OVER A SHORT PERIOD I WILL POST QUESTIONS AND ANSWERS THAT DESE SHOWS FOR SCHOOL SITE COUNCILS along with some commentary about what is presently going on here in Lowell.
Questions & Answers on School Site Councils
Part Two: Legal Responsibilities
A. Establishment of Councils
Are all schools required to establish a school council?
Yes. The law requires that there be a school council “at each public elementary, secondary and independent vocational school in the Commonwealth.”
GN: That should include LHS which seems to instead use Friends of Lowell High as a catch all for Parent Involvement.
If a principal is responsible for more than one school, does a separate council have to be formed for each school?
The law requires each school to have a school council. If two school buildings are linked operationally — for example, one principal is responsible for one building serving students in grades K-3 and a second building serving students grades 4-6, and the buildings are under a shared administration and a single PTO — then a single school council may be formed to encompass both buildings. However, if the two buildings function as discrete schools — for example, one principal is responsible for two K-6 elementary schools with separate administrations and separate PTOs — then a separate council should be formed for each school.
If a school district has several small schools under the leadership of the same principal, must he/she be the chair of each school’s council?
Yes. The law requires the principal to be one of the two co-chairs of the council. The other co-chair is to be selected by the council as a whole rather than appointed by the principal. Councils can set their own internal rules of operation, including rotating responsibilities for the co-chairs.
Who is responsible for organizing a school council?
The law explicitly gives the school principal responsibility for defining the composition and overseeing the formation of the council pursuant to a representative process approved by the superintendent and school committee. As co-chair of the council, the principal is also responsible for convening the first meeting of the council. At this meeting, the other co-chair is to be selected.
To whom do councils report?
Councils are to assist principals by reviewing the school building budget and developing the school improvement plan. Councils may also take on other responsibilities, including policymaking, as granted by the local school committee. Councils’ school improvement plans are submitted to the local school committee for review and approval.
Who is to be on the council?
The legislation specifies that the council is to consist of parents of students attending the school, teachers, and “other persons drawn from such groups or entities as municipal government, business and labor organizations, institutions of higher education, human service agencies or other interested groups, including those from school-age child care programs.” Also, for schools containing any of grades nine to twelve, there should be at least one student on the council.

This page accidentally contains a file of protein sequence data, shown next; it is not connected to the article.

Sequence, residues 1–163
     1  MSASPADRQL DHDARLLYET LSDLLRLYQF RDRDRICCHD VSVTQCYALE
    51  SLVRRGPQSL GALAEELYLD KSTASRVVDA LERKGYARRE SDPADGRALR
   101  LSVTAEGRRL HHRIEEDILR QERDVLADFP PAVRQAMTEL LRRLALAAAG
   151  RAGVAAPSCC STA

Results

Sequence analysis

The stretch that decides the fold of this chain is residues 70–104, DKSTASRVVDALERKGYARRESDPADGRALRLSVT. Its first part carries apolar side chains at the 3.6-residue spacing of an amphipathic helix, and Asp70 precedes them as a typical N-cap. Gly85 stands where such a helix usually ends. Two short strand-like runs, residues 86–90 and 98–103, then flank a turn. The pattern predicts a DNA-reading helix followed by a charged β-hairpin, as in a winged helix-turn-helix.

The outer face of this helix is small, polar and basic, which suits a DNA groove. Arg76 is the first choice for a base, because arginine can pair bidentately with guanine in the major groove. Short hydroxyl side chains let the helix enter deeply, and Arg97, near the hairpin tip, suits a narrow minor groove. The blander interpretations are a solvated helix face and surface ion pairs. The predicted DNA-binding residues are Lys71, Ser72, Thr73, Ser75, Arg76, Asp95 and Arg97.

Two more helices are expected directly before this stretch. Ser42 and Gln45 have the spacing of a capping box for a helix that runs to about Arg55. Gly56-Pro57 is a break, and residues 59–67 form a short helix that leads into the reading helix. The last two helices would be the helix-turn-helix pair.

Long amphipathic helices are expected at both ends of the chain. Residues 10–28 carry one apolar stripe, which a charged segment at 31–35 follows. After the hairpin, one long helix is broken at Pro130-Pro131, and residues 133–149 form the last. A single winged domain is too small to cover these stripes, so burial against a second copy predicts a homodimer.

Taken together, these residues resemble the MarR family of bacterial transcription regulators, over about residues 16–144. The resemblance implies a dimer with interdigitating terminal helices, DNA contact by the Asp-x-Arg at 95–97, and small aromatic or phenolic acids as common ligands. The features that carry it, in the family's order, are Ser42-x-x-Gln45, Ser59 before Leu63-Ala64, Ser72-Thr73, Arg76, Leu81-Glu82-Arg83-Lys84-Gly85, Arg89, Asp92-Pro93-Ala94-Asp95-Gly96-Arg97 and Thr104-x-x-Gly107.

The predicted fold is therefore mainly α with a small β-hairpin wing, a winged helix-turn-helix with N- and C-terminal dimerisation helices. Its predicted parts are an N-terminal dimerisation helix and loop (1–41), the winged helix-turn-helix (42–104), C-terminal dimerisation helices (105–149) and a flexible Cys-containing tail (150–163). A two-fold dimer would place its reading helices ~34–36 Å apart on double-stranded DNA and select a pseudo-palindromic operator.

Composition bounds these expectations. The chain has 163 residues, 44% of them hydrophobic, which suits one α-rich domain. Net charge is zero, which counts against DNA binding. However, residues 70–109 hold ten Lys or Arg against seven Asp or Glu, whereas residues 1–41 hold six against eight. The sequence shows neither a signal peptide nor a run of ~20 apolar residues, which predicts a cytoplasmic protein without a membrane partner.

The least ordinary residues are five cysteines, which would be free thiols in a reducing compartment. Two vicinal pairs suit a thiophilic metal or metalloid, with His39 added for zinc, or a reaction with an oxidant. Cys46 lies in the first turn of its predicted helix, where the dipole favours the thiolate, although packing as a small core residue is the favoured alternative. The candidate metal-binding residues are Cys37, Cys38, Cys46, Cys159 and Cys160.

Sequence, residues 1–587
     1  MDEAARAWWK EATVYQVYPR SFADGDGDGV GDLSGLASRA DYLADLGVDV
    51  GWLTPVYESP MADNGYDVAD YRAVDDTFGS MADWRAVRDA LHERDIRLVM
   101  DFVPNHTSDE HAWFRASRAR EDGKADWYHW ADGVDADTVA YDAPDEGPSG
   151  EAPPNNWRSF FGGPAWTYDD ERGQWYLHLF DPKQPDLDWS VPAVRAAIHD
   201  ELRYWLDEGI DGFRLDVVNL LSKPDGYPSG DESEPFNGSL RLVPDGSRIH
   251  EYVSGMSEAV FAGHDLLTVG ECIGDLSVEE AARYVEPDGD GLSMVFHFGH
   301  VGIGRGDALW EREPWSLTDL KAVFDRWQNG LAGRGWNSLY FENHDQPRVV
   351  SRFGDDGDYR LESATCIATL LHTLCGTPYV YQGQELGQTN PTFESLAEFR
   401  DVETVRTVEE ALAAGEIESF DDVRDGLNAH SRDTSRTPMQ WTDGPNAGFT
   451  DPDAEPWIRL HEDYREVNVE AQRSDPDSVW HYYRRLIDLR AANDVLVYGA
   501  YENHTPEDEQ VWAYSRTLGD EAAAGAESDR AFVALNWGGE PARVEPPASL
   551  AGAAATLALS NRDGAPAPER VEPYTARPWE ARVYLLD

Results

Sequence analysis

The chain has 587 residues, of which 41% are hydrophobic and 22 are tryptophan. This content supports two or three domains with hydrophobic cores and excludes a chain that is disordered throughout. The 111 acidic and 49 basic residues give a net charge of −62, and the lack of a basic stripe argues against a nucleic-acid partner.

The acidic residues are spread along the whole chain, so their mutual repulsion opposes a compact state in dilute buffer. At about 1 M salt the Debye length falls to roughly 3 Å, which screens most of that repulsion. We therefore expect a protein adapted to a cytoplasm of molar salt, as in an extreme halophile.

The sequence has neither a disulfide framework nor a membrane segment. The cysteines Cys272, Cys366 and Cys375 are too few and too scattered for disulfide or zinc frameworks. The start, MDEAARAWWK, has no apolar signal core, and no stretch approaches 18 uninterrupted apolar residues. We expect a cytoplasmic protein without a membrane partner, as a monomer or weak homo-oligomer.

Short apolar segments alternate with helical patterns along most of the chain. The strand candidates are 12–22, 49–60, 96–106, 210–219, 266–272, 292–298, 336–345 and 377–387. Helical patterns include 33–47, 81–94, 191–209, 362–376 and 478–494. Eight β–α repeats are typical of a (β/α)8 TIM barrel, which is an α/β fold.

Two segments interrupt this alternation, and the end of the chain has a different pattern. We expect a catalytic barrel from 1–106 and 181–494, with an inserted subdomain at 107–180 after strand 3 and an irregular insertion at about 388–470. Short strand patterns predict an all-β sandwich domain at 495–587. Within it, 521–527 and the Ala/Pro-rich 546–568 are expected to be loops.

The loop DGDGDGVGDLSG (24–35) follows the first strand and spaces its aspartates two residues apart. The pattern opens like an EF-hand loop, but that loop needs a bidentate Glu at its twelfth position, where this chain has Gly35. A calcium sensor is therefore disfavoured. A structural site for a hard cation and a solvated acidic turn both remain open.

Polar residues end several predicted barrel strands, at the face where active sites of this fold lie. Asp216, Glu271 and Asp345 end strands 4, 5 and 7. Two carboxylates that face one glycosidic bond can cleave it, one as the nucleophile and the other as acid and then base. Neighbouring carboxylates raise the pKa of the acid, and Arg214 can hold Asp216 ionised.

How many members should the council contain?
The law leaves it up to each principal, “pursuant to a representative process approved by the superintendent and school committee,” to define the size and composition of the council. It does, however, make three stipulations about membership.
Parents “shall have parity with professional personnel on the school councils.” Regardless of the size of the council, the number of parent representatives must be equal to the number of teachers who serve on the council plus the principal.
“Not more than fifty percent of the council shall be non-school members.” “Non-school members” are defined as members who are “other than parents, teachers, students and staff at the school.”
The membership of school councils “should be broadly representative of the racial and ethnic diversity of the school building and community.”
GN: This is important because presently Lowell School Site Councils don’t meet the Law for their make-up
What is the reason for parity in representation among parents, community members, and school professionals?
The provision of “parity” is based on the experience of the Chapter 188 school improvement councils and the national research on effective school-community councils. Research on small group dynamics in groups that mix lay people (e.g., parents) and professionals has shown that when lay people are outnumbered they are not likely to articulate their special perspective as “customers” of the school. “Parity” provides a critical mass in which parents can feel comfortable in expressing their views while educators retain a strong voice on the council.
In situations in which differences of opinion are split along lay-professional lines, “parity” creates pressure for compromising and reaching consensus, since neither side can override the other with its numerical majority.